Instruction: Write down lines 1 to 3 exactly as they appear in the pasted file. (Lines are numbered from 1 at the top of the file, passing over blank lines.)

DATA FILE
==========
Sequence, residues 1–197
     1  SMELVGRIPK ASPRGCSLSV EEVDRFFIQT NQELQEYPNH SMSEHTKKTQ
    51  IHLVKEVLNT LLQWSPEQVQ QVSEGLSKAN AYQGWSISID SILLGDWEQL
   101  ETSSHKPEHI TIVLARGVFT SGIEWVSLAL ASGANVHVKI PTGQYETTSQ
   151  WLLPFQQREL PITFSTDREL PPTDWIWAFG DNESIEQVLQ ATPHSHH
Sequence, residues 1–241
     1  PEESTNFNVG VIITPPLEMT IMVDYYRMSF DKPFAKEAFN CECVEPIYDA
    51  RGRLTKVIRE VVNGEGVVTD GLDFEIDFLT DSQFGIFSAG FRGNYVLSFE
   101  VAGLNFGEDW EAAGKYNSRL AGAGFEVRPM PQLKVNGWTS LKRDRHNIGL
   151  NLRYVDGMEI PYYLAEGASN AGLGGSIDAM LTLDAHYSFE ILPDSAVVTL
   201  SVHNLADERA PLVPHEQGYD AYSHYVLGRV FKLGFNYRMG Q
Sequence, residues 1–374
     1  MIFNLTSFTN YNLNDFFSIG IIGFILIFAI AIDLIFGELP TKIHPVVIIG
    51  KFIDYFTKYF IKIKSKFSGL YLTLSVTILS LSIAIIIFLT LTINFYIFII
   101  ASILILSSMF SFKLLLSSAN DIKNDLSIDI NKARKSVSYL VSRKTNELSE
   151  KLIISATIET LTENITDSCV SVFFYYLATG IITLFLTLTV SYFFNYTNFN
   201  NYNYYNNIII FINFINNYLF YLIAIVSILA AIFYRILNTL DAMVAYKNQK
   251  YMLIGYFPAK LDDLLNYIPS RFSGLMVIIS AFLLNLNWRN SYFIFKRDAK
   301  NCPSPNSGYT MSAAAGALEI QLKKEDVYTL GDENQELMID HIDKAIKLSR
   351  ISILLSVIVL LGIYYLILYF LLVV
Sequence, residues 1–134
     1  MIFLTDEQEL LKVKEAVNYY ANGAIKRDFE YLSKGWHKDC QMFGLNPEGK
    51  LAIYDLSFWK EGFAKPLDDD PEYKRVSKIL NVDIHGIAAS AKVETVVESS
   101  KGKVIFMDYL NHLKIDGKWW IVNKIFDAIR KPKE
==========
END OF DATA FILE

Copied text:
Sequence, residues 1–197
     1  SMELVGRIPK ASPRGCSLSV EEVDRFFIQT NQELQEYPNH SMSEHTKKTQ
    51  IHLVKEVLNT LLQWSPEQVQ QVSEGLSKAN AYQGWSISID SILLGDWEQL